By Alexx, staff attorney
‘Tis the season for moving, if you live in a town or city with a significant number of college students. In Tucson, home of the University of Arizona, nearly 4/5 of U of A students live off campus in the neighborhoods surrounding the university. Even if you’re not a student, you might find that there are a lot of deals to be had for fabulous rental homes or apartments this time of year.
Whatever the reason and whatever the season, it’s a good idea to be prepared going in to a move.
Rule of the day: Know what you’re moving into.
You may have found the brand new spacious home on the outskirts of town or a charming duplex built that still sports its 1940s charm. Whatever the type or condition of the home, it’s important to understand what your new rental comes with, what you’re responsible for fixing or maintaining, and what happens if something goes wrong.
The two biggest tools in your move-in tool box are going to be a move-in inspection or assessment sheet and photos, lots of photos.
The purpose of the inspection and photos is to document the condition of the property as it was when you started to live there. It gives you and the owners a way to keep track of what damage, if any, is caused to the property while you live there. Without an inspection, tenants and owners have no documentation to make their case for who is responsible for damage that shows up at the end of the lease.
The Move-In Inspection or Assessment
Some landlords/property management companies will conduct a move-in inspection with you. During the inspection, the landlord or staff member will walk through the property after you’ve signed your lease and note the condition of the house as it is before or just after you move in. Usually there is a sheet or log book, something in which the inspector can make notes about anything that’s already in disrepair.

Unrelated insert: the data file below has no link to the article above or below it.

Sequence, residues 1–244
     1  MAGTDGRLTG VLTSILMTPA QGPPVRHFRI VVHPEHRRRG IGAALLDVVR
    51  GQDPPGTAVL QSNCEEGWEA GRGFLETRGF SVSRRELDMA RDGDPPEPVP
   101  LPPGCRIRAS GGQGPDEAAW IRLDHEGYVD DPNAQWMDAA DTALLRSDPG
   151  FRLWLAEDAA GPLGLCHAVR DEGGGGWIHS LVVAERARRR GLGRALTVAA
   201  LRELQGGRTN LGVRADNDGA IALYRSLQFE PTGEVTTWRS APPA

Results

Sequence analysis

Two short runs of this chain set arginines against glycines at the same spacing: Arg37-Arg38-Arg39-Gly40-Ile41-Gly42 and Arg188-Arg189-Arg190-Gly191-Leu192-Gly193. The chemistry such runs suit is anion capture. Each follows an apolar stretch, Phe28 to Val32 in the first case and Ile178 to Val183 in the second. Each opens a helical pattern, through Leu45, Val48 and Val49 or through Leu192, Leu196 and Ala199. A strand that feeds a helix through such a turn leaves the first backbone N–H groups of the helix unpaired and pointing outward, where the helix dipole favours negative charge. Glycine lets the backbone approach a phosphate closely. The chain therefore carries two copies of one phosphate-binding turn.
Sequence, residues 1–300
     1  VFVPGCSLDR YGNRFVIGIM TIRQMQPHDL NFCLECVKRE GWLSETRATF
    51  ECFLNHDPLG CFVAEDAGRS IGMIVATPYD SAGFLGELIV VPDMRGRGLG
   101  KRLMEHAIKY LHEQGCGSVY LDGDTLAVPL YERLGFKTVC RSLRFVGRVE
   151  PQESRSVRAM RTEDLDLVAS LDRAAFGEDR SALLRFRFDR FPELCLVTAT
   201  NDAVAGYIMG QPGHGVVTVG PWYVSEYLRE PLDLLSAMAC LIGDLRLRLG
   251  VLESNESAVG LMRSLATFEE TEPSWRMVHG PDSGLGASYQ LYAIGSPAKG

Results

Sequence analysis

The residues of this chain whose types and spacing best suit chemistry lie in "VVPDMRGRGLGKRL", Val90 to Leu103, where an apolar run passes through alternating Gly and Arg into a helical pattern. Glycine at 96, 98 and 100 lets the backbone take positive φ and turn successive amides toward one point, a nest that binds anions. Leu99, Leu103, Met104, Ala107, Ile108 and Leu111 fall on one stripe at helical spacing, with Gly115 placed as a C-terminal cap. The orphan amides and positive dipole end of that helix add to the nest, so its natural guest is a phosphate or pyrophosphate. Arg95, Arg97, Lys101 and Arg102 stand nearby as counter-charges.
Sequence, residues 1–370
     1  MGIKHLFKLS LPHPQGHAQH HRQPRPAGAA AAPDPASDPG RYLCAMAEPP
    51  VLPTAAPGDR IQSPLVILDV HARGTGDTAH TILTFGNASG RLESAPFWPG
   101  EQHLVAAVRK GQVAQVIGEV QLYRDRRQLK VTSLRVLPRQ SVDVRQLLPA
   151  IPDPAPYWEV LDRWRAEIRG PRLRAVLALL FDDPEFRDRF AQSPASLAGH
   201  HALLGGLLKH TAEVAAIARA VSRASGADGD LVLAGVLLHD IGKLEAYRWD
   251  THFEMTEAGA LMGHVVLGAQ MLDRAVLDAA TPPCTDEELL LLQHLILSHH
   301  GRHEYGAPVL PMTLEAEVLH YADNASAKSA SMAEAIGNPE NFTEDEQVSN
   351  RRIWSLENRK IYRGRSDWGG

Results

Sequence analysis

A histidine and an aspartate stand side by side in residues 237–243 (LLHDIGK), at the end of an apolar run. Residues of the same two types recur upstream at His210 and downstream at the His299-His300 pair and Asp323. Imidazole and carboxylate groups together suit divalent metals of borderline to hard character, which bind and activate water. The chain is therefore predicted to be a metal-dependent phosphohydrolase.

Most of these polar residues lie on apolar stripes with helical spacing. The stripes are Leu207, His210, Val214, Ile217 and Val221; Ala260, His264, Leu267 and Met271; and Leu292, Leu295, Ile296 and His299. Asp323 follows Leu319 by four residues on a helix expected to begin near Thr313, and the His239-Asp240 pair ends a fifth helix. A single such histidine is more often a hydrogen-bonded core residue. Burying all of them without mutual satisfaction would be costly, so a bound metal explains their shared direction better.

1) Ask to present during the move-in inspection (or ask to have one if it’s not normal procedure).
2) If your landlord doesn’t use a log or inspection sheet, bring your own. There are examples all over the web or you can make your own.
3) Spend some time filling out the inspection sheet. Keep a copy for yourself and send the sheet and photos off to your landlord.
There’s a reason the cliche “a picture’s worth a thousand words” has stuck around so long. In situations like a move-in, it’s true.
You could write down on your move-in assessment sheet that the floor is dirty and the baseboard is missing, but following that up with a photo really drives the point home.
You really can’t take too many photos.
All in all, the point of being alert and doing your homework is to make sure that your understanding of what you’re moving into matches your landlord’s.
A little bit of work when you move in can help you make sure that you get your security deposit back at the end of your stay.
But wait- What happens if you’ve already moved in and haven’t done any of the steps above?
Do them now.
Documenting the condition of your home within a few weeks of your move-in is certainly better than having no proof that it was ever in good condition. Start now.